The Obelisk Presents: The Top 10 Debut Albums of 2014

Posted in Features on December 26th, 2014 by JJ Koczan

Dudley-Street,-Seven-Dials.-Gustave-Doré-(1832-83) top 10

Please note: These are not the results of the Readers Poll. That’s still going on. Please feel free to submit your list.

Making and releasing a first full-length album is a special moment in the life of any band, and that’s why I wanted to single out some of the best debuts of the year. I’ve never done this before, and so maybe with a top 10 I’m testing the waters a bit, but it seemed a worthwhile project anyway. It was a long (inner) debate about whether or not to include EPs and singles here too, but in the end, it just seemed to work better with albums.

Not to take anything away from shorter releases, but putting out a debut EP is much different than a debut LP. First of all, a debut LP can come after several EPs or singles or demos or whatever and still be considered first. What a first album says to the listener is, “Okay, we’ve come this far and we’re ready to take this step.” Some bands, once they start putting out albums, never go back to EPs. Others who’ve been around for 30 years still release demos every now and then, but even so, a group only ever gets one crack at their first album, and it can be one of the most important things we ever do.

Compared to how many come out any given month, year, century, etc., very few debut long-players ever wind up being classics, and who knows what the future might hold for any of these acts on this list, but that not knowing and that excitement are part of the fun.

Let’s get to it:

the-well-samsara

The Top 10 Debut Albums of 2014

1. The Well, Samsara
2. The Golden Grass, The Golden Grass
3. Spidergawd, Spidergawd
4. Atavismo, Desintegración
5. Blues Pills, Blues Pills
6. Steak, Slab City
7. Comet Control, Comet Control
8. Elephant Tree, Theia
9. Black Moon Circle, Black Moon Circle
10. Temple of Void, Of Terror and the Supernatural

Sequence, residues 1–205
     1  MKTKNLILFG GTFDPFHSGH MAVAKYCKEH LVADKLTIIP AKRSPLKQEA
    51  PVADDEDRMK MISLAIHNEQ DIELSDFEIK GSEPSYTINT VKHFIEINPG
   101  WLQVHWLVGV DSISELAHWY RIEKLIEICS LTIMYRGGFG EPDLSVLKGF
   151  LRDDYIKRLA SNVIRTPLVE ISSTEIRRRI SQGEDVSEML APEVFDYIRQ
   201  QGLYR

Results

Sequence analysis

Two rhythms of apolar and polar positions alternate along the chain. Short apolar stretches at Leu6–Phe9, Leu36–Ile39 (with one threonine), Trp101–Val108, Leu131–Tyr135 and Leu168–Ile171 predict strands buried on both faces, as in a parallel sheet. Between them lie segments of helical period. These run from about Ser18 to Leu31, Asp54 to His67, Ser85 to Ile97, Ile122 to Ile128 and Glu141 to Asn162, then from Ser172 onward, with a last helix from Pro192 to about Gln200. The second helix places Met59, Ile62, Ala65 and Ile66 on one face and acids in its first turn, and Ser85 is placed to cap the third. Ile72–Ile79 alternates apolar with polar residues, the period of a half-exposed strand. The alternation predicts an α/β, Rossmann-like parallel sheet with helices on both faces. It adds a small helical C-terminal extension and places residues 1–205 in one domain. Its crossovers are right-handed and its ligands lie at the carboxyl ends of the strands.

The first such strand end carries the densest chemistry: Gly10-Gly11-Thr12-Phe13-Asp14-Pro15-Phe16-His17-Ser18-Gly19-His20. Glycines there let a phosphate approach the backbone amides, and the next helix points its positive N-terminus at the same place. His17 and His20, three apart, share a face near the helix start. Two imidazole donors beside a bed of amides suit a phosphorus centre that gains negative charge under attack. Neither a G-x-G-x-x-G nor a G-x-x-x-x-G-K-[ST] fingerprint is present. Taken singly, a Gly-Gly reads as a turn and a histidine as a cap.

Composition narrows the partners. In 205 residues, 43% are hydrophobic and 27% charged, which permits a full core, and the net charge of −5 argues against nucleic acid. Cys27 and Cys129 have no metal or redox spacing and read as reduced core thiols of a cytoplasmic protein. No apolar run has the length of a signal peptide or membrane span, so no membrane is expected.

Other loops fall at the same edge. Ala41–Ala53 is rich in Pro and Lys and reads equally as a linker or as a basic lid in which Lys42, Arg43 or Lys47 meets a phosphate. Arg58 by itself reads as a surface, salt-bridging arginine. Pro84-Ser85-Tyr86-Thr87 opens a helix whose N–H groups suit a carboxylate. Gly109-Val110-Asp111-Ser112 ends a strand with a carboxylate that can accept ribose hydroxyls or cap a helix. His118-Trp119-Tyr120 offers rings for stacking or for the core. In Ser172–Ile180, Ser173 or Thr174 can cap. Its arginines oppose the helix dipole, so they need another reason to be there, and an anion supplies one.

A couple honorable mentions. First to  check my blog - Essays & dissertations written by top quality writers. Let specialists deliver their tasks: get the required assignment here Valley of the Sun‘s  Hunting for online writing jobs? Join our team of professional Master Thesis Business Ethicss and editors. Expert freelance writers wanted! Electric Talons of the Thunderhawk, which I still didn’t know what to do with the release date for. Officially 2014, but kinda released in 2013 too. I was back and forth on it. Also  We checked http://ichakang.com/essay-on-mother/ for scam and fraud. Our comprehensive Assignmentdoer.com review will show you if Assignmentdoer is legit and whether it is safe. Wasted Theory‘s burly debut,  Avail new discount offers of how to write an essay for master degree by Professional Essay Writers UK. We offer plagiarism free work of great quality delivered on time. Monolord‘s Description WFTS in Tampa, FL is seeking a full-time Make My Assignment. This position is responsible for sourcing great content and managing logistics for Empress Rising, Get http://www.joyshop.it/?architectural-firm-business-plan all year round no matter how urgent and complicated your paper is. Paper originality is guaranteed. Child‘s gujarati essay online - put out a little time and money to get the essay you could not even think of witness the benefits of professional custom Child, the orderliness essay Silent Chamber, Noisy Heart sprawling one-song LP from  Frequently asked questions about custom writing. What is GradeMiners? Were a custom essay writing service that connects vetted international marketing assignment; Sylvaine.

Some notes: Actual time spent listening played a big role in the structuring of this list. More so than the Top 30 of 2014, I would say.  Essays - largest database of quality sample essays and research papers on Dissertation Help In Singapore The Well‘s  http://www.coogansbluff.de/?help-with-mba-dissertation - receive a 100% authentic, plagiarism-free paper you could only think about in our paper writing assistance Best HQ academic services Samsara and the self-titled debut from  We looked at all the best dig this and compared their features and pricing. Here is our in depth comparison and recommendations. The Golden Grass featured pretty high on that list as well, and that’s because both of them were records that I continually went back to and found satisfying after they came out. In both bands I think there’s significant stylistic potential, but more importantly, they both came out of the gate with their mission solidified and ready to roll.

With  Can you http://mairie.megeve.fr/custom-and-legal-writings/ for me? Yes, we can! Get dissertation help from professionals. Only certified PhD writers. Any Topic & Any Difficulty. Spidergawd‘s  dissertation on customer service 800 http://www.nivacom.gr/?custom-papers-writing-service custom woodworker resume essay help for dental school Spidergawd, the progressive take on classic heavy rock boogie was blinding, but righteous. Their second album is due early next year on  Action Dissertation Research online at professional essay writing service. Order custom research academic papers from the best trusted company. Just find a great help for Stickman and I’ll have more on it to come in the weeks ahead.  Atavismo‘s Desintegración hit me like the proverbial ton of bricks. Just four songs, but the atmosphere was gorgeous enough that after listening I went back and asked the band if I could host a stream in hopes that more people would hear it. Fortunately for anyone who listened, they were kind enough to comply.